Studies in a wide range of species1-5,7 have shown that the stress hormone cortisol can be measured in hair samples.  Furthermore, since it has been proven cortisol is deposited in hair as the hair grows, hair cortisol levels can provide information on chronic or long term stress levels that may not be observable in the relative snap-shot provided by fecal or blood samples.   Indeed, depending up the length of the hair and the rate of hair growth, it may be possible to section hair and look at stress levels in specific periods or seasons as well.

There are some complicating factors that will need to be considered.  Deposition of cortisol within the hair may vary both with the location of the hair on the body and with the color of the hair sampled1,4,6,7, so consistency in sample collection is vital. It is also important to consider the question of whether the stressing factor being studied is chronic or acute, and when, relative to hair collection, the event occurred.    If the stressing event was truly acute and short term,  like the capture and transport of an animal over the course of 1 day for immediate relocation for release, the overall difference in cortisol deposited within the hair may not be significant enough to be reliably discerned if the entire length of the hair is being used as the sample.  Additionally, if the stress event is further in the past than the growth and shed rate of the hair being sampled it may be missed.  An example of this is a subject with a chronic disease, where the most recent flare-up occurred too far back in time to be observed in short or frequently shed hair samples causing the diseased and control animals to have similar cortisol levels. Cortisol is also water soluble, and hair that is subject to frequent washing may have lower cortisol levels than samples from hair that has not been washed as often.  How the hair sample is collected may impact what information can be obtained.   Collecting the entire hair, along with at least a portion of the root is typically preferred.   This gives you a better timeline – if you have the root or a portion of the root then you have essentially a time zero on the day of collection with the length of the hair stretching back into the past.  This ensures recent events will be included in your sample – but also, when combined with the rate of hair growth for the species in question, allows you to section longer hair samples and look at trends over time within one individual.  If it is not practical to collect samples with at least part of the root attached and the hair sample is to be cut, care should be taken to consistently cut the hair as close to the skin as possible especially if you plan to compare results across different animals.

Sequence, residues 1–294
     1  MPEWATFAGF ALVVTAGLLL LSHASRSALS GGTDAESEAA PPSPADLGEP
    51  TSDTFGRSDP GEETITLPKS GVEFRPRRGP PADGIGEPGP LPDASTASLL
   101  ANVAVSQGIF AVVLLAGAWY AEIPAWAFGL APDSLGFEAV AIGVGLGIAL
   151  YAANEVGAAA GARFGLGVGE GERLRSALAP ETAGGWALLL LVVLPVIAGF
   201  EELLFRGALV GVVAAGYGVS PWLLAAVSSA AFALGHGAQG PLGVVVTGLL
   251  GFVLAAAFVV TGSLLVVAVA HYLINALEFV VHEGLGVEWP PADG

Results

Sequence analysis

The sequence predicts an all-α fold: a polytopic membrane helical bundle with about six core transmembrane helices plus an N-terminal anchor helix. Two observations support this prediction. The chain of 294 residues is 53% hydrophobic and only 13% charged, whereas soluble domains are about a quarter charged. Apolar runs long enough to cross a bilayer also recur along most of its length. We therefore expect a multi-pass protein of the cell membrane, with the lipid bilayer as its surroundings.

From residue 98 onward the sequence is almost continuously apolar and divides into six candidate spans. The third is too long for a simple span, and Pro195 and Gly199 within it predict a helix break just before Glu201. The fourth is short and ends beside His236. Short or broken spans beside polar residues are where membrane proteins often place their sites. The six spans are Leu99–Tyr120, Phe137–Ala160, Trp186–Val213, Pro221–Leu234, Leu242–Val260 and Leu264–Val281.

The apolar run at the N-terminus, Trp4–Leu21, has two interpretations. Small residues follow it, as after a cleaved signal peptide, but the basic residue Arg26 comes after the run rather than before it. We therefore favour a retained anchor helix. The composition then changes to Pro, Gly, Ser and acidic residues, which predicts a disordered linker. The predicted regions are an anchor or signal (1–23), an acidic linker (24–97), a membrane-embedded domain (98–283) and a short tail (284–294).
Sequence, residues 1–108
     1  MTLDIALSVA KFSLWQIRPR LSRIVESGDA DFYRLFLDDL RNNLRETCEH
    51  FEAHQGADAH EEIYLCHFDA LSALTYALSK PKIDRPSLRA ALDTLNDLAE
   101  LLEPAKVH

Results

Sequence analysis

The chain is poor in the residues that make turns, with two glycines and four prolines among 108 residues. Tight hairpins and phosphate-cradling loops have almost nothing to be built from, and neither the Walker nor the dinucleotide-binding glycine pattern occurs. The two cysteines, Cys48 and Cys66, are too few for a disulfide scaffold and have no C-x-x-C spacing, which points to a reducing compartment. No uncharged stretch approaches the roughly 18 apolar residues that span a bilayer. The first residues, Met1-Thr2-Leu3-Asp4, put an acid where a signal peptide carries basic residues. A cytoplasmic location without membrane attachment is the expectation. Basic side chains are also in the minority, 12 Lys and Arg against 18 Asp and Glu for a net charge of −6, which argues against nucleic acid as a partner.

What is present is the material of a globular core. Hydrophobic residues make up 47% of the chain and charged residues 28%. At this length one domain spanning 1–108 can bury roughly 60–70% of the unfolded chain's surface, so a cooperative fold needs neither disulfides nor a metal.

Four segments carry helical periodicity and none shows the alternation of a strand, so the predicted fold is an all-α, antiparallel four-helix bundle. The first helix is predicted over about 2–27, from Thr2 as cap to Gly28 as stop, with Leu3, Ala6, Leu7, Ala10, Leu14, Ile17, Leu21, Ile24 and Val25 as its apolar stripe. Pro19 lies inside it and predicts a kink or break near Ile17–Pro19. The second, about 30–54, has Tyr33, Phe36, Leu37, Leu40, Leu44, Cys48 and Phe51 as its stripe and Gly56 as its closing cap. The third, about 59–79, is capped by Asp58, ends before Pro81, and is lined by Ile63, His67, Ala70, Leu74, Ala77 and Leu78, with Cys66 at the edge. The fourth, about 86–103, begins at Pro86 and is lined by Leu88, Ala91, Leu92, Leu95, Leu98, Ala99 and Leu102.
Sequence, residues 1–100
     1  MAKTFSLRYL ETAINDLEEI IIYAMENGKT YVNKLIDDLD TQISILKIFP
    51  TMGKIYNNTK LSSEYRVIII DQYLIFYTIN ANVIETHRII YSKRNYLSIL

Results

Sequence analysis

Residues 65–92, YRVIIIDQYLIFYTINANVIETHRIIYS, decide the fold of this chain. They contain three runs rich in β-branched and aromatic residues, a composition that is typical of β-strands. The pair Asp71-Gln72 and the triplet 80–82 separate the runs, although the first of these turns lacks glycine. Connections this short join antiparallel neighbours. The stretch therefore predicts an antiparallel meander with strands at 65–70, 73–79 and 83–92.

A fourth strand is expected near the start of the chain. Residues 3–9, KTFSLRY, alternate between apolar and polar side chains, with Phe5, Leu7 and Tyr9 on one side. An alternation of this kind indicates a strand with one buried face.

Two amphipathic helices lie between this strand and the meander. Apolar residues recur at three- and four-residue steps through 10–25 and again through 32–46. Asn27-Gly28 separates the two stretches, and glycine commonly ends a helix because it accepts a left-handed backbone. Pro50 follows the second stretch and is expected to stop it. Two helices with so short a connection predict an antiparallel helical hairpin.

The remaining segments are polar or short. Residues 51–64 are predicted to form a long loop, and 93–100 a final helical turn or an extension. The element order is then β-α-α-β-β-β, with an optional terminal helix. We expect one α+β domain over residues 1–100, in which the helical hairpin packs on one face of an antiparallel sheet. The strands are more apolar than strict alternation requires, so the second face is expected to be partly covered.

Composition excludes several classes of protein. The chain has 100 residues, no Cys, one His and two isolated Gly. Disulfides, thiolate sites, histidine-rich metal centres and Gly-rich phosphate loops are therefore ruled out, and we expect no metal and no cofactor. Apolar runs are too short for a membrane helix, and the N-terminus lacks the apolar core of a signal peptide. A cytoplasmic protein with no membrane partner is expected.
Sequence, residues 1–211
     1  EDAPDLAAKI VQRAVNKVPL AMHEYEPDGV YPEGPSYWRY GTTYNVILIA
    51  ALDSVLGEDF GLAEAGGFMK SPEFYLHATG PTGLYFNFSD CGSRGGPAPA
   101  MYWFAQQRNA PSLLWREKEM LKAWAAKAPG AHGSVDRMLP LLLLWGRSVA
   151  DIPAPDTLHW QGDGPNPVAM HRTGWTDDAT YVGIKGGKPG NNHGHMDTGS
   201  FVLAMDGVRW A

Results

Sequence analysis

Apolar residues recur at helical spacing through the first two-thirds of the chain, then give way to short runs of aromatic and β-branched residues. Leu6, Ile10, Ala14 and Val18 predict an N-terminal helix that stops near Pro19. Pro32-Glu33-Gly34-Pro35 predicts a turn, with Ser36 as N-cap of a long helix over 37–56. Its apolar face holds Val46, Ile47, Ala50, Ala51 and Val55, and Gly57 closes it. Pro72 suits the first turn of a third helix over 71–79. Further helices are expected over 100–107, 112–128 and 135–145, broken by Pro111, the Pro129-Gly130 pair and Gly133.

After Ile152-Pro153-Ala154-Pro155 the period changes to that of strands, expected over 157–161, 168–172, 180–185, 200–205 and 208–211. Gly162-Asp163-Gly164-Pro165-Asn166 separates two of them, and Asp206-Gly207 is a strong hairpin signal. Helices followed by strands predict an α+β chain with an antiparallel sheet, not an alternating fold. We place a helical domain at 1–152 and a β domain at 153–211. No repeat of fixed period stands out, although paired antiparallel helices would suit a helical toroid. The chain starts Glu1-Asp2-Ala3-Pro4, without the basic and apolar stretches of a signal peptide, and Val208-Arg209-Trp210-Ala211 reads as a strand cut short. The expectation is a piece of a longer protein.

Ultimately the question of whether or not hair samples are a good option for a particular study depend upon the goals of the study.   Hair samples are non-invasive and relatively easy to obtain from animals habituated to human contact.   They can provide good insight long term into the overall stress of an individual or group which can be helpful for disease monitoring, husbandry/herd management, or examining the stress of captive living environments.   However, for monitoring acute or episodic stress events, other sample types such as feces or urine might provide better data.

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  1. Accorsi et al. (2008) Cortisol determination in hair and faeces from domestic cats and dogs; Gen Comp. Endocrinol., 155 398
  2. Amador et al. (1993) Deficient testicular and adrenal steroidogenesis in mutant cream (e/e) Syrian hamsters; Esp. Fisiol. 49 175
  3. Raul et al. (2004) Detection of physiological concentrations of cortisol and cortisone in human hair; Clin, Biochem., 37 1105
  4. Sotohira et al. (2017) Stress assessment using hair cortisol in kangaroos affected by lumpy jaw disease; Vet. Med. Sci. 79 852
  5. Veronesi et al. (2015) Coat and claws as new matrices for noninvasive long-term cortisol assessment in dogs from birth up to 30 days of age; Theriogenology, 84 791
  6. Bennett and Hayssen (2010) Measuring cortisol in hair and salica from dogs: coat color and pigment differences; Domest. Anim. Endocrinol., 39 171
  7. Nejad et al. (2017) Coat and hair color: hair cortisol and serotonin levels in lactating Holstein cows under heat stress conditions; Anim. Sci. J. 88 190

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